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Clinton and Obama: Bitter, Party of Two

Clinton and Obama spar without their gloves on in debate ahead of the Pennyslvania primary.
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Sen. Hillary Clinton (D., N.Y.) and Sen. Barack Obama (D., Ill.) appeared Wednesday in Philadelphia for a rare primetime televised debate on ABC.

It turned into a bitter affair just days before the Pennsylvania primary Tuesday.

Viewers might not have noticed any switch in primetime programming, given the new trend in presidential debates that favors a "reality TV" approach over addressing serious issues. Nowadays, moderators carefully dig up the worst possible dirt on candidates they can, hoping to shock them into making a mistake. Of course, this conveniently opens the door for opponents to pile on, too.

Obama got the worst of the mudslinging from the moderators Wednesday night. Of course, it started with his recent comments about how he thinks rural Pennsylvanians are "bitter" and "cling" to guns, God and anti-immigrant sentiment. Obama admitted: "Not the first time I've mangled a statement." He went on to explain that he meant to say people are frustrated and become attached to divisive political issues.

Clinton seized the opportunity to accuse Obama of fundamentally misunderstanding the role religion plays in the average person's life, noting that people don't turn to God when frustrated with politics in Washington.

Obama also faced difficult questions about two of his associates, both of whom have made controversial statements about America: the Rev. Jeremiah Wright, Obama's pastor, and

William Ayers

, a former member of the Weather Underground. Excerpts of videos of Wright's sermons shocked many several weeks ago. They included statements like "God Damn America" and those that blame America for its "own terrorism" after 9/11. Obama recovered some by denouncing the hateful language and lauding his church's efforts to help its community.

William Ayers remains mostly an unknown name in the campaign. Few know that Obama attended an election event in his house in the 1990s and that the two are neighbors in Chicago. Ayers was a member of a radical group in the 1960s that tried to blow up the Pentagon in retaliation for the Vietnam War. His name resurfaced on Sept. 11, 2001.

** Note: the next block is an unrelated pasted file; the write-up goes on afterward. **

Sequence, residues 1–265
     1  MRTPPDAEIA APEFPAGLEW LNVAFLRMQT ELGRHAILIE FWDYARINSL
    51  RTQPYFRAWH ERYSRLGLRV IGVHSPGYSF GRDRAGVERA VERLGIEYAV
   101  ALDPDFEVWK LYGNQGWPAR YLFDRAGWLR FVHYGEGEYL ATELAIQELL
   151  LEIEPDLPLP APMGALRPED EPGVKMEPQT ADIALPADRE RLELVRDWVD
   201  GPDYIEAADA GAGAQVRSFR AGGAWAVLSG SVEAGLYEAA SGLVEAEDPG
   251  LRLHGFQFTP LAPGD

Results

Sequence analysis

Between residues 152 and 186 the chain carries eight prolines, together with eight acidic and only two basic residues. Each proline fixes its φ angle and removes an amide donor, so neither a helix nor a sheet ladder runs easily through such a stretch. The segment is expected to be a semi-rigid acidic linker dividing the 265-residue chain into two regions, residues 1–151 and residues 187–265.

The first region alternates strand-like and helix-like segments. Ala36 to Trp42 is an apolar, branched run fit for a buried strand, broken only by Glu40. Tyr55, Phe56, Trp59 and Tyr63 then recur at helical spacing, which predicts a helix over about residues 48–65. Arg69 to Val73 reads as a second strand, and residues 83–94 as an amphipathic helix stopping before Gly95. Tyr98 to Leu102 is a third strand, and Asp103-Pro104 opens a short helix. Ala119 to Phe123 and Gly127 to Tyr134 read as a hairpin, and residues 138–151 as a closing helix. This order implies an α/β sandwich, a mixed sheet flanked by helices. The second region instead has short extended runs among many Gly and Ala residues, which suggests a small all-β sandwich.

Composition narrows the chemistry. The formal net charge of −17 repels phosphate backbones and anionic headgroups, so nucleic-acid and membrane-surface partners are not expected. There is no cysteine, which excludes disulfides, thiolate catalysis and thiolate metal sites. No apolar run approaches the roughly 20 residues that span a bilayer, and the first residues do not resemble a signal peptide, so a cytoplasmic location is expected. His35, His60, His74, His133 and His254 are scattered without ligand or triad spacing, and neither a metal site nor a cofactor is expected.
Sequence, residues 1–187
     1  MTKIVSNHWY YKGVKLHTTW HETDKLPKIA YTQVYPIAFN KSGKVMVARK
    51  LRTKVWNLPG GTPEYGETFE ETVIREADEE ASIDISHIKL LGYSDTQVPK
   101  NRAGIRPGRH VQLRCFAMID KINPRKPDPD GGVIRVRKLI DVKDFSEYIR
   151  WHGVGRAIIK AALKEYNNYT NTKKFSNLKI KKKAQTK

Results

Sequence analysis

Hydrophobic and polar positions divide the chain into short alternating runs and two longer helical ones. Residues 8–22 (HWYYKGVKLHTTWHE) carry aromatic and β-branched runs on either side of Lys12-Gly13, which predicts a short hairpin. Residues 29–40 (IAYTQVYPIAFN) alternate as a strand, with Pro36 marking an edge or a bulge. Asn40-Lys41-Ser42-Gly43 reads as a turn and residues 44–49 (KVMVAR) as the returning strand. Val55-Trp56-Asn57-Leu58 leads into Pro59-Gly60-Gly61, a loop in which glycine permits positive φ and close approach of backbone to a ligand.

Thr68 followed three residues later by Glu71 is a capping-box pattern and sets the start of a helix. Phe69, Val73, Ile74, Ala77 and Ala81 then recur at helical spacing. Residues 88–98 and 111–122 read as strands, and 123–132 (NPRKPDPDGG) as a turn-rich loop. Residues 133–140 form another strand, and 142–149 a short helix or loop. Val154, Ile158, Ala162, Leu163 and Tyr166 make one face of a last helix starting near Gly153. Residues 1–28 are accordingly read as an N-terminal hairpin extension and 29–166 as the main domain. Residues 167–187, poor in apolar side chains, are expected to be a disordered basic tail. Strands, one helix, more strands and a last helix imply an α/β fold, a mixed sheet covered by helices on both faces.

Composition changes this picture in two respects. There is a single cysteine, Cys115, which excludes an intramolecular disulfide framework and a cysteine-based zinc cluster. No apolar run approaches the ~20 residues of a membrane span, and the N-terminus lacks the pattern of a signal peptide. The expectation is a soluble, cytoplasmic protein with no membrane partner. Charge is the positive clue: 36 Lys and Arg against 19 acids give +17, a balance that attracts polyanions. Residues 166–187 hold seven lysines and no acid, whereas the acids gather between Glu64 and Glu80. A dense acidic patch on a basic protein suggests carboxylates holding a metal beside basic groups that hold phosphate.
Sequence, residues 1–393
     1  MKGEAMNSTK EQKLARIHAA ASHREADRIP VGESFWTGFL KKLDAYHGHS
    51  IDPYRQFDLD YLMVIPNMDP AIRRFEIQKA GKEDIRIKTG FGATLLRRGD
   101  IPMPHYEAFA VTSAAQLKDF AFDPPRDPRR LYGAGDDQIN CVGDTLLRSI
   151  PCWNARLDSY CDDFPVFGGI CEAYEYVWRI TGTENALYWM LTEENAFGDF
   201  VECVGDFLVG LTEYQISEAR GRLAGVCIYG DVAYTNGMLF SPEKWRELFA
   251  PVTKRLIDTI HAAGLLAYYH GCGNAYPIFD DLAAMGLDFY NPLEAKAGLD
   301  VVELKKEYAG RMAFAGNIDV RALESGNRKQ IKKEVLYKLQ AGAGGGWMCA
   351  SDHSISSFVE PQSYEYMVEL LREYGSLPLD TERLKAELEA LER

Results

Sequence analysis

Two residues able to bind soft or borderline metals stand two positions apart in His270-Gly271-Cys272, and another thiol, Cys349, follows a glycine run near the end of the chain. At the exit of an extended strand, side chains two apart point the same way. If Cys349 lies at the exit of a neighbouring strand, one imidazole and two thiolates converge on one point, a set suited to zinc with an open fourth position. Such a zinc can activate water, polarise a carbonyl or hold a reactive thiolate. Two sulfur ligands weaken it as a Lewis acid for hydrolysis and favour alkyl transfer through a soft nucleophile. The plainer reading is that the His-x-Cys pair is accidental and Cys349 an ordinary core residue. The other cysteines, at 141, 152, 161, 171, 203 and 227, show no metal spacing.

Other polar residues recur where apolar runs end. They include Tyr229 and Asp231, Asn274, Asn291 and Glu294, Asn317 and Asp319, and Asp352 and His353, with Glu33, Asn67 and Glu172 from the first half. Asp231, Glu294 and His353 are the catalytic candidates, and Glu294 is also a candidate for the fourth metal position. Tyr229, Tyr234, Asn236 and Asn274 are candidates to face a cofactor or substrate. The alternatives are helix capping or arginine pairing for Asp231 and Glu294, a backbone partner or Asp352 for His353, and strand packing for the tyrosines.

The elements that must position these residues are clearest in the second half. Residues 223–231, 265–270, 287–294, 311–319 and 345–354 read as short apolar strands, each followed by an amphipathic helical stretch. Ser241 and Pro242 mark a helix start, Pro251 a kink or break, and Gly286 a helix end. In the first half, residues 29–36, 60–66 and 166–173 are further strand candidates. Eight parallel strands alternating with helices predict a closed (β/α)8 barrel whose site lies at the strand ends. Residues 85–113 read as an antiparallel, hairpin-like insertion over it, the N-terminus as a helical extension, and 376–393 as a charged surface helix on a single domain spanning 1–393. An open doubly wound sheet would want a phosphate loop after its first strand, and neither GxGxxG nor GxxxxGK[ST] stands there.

The New York Times

published an interview about his book

Fugitive Wars: A Memoir

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, where he inauspiciously commented in reference to opposition of the war: "I don't regret setting bombs, I feel we didn't do enough."

Clinton hammered both men for similar reasons. She said New Yorkers were offended by the insensitivity to 9/11. However, Obama deflected the Ayers assault, noting that President Bill Clinton had pardoned two of Ayers' comrades in the Weather Underground.

Obama's patriotism came into question, as well. It began with his pastor and continued when an audience member asked whether he believed in the American flag. He has spoken publicly about his decision not to wear a flag pin on his lapel. The questions seemed to catch him off guard, although he countered that he has "confidence" that Americans will see these attacks as petty politics as usual meant to divide us. So far, Democrats have ignored the issue.

Clinton again caught flak for lying about coming under sniper fire while traveling to Bosnia in 1996. An audience member said Clinton had lost his vote because of dishonesty and wondered how she planned to regain his trust. She apologized for the error. She then quickly pointed out how important her extensive world travel is as a candidate.

Obama mentioned more Clinton highlights from the 1990s to offset some of the attacks accusing him of bitterness. He mentioned her famous cookie comment from the 1992 election. Clinton said: "I could have stayed home and baked cookies and had teas." At the time, it denigrated the effort of stay-at-home moms and was seen as, yes, elitist.

Eventually the moderators tired of trashing the candidates and turned to the issues. The war in Iraq was mostly ignored in favor of discussing the economy, which tied in nicely to

Sen. McCain's (R., Ariz.) recent comments

about it.

McCain has said that the Democrats plan to raise everyone's taxes, not just the rich. The Democrats flatly denied this. In fact, Clinton and Obama both pledged big tax cuts for the middle class but didn't make the same guarantee for the wealthy. They plan to pay for social programs by repealing the Bush tax cuts for the wealthy.

Clinton outshone Obama on the tax issue. She expressed reticence over tax hikes and managed to put a nice spin on taxes by framing them as a down payment on the future. She touted her plans to invest in infrastructure and green industries, which will lead to jobs and economic prosperity.

Both candidates took fire trying to explain their position on the Second Amendment. How does one support guns and gun control at the same time? They explained that different municipalities and states face different problems. They argued that cities like Chicago, New York and Philadelphia, which struggle with illegal guns in the hands of criminals, need gun control to protect citizens. Law-abiding gun enthusiasts, on the other hand, often own guns to enjoy hunting in rural areas or have family tradition of owning guns. But gun owners might wonder what defines law-abiding.

It was an ugly debate. The early and numerous attacks on Obama got him off his game and handed an easy win to Clinton.